A plaque remaining from the Big Apple Night Club at West 135th Street and Seventh Avenue in Harlem.

Above, a 1934 plaque from the Big Apple Night Club at West 135th Street and Seventh Avenue in Harlem. Discarded as trash in 2006. Now a Popeyes fast food restaurant on Google Maps.

Recent entries:
Eleven O’Clock Song (11 O’Clock Song) (12/6)
“Don’t make me use my director voice” (12/5)
“Those who graduate with a theater degree and can’t find work suffer post dramatic stress disorder” (12/5)
“It’s not multiple personality disorder, it’s a theatre degree!” (12/5)
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Entry from November 16, 2005
Go West, Young Man
"Go West, young man" is associated with New York Tribune editor Horace Greeley (1811-1872). The Tribune, unlike the New York , is not yet digitized. The exact phrase has not been found, but it is believed that Greeley said this as early as 1853.

The below article by Thomas Fuller is an extensive look into the phrase.

Horace Greeley (February 3, 1811—November 29, 1872) was an American newspaper editor and politician.
Greeley was an agrarian and supported liberal policies towards settlers: one of his famous phrases was "Go West, young man".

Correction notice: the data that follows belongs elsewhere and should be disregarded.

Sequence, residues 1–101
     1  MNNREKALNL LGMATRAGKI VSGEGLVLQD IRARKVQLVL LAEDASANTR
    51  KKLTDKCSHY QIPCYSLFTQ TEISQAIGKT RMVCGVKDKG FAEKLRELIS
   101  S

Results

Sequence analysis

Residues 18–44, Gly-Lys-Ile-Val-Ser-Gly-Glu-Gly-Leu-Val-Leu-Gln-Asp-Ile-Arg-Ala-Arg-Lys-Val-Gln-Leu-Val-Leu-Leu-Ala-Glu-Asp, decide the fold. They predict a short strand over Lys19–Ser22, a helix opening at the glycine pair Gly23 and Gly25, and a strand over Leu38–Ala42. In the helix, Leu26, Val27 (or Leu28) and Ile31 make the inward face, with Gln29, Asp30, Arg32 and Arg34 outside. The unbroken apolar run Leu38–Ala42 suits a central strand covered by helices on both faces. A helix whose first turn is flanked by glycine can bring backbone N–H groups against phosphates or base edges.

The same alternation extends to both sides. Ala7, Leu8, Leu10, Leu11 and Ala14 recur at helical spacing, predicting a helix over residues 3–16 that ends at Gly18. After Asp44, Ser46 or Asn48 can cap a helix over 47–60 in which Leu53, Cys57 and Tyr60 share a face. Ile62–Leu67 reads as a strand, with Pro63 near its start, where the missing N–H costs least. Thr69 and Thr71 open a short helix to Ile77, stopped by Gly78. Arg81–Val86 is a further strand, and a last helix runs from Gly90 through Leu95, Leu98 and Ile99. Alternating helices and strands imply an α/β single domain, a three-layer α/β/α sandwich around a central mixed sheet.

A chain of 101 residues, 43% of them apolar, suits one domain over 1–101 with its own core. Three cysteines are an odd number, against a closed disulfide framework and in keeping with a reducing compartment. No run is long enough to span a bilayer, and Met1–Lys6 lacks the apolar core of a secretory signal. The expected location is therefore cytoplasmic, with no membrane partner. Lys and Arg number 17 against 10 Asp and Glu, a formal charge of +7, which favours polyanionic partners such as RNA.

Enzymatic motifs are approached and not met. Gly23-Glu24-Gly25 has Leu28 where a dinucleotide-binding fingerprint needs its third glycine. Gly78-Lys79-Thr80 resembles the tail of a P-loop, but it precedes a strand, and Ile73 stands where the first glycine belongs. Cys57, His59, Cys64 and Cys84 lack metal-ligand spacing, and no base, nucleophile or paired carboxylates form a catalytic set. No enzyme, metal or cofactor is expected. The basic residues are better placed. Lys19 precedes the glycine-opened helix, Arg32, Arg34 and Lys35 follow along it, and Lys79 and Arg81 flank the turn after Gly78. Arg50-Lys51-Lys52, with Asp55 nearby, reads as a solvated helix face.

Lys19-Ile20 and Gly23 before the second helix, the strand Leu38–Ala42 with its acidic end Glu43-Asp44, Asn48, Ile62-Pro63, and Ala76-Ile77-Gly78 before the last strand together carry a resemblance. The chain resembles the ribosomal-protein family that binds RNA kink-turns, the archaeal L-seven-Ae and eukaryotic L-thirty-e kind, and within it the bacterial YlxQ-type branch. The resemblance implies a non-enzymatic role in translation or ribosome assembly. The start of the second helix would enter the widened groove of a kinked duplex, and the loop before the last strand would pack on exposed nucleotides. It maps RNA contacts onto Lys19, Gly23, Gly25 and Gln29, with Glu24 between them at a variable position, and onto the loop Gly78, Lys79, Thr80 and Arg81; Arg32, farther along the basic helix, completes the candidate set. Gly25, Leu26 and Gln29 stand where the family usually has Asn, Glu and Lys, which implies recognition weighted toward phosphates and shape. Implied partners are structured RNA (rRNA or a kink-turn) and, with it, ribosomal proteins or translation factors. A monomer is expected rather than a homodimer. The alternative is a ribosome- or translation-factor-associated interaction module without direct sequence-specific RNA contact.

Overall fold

"Go West, young man!"—An Elusive Slogan
Thomas Fuller

It was the motto of nineteenth-century America, the watchword of Manifest Destiny: "Go West, young man!" Although it is commonly attributed to New York newspaper editor Horace Greeley, works of reference give the exhortation confusing and contradictory origins.1 One of our most familiar historical slogans surely deserves more careful documentation than it has yet received. To that end, I have thoroughly investigated the history of the phrase.

This article briefly describes one aspect of my research that may interest Indiana historians: the truth behind a widely held belief that the phrase was originally written by John Babson Lane Soule (1815—1891), an Indiana newspaper editor, in an editorial in the Terre Haute Daily Express in 1851.2 I have examined this assertion with some care and have concluded that it is a fiction dating in print to no earlier than 1890. Before that date, the primary-source historical record contains not a shred of evidence that Soule had anything to do with the phrase.

Posted by Barry Popik
Names/Phrases • (0) Comments • Wednesday, November 16, 2005 • Permalink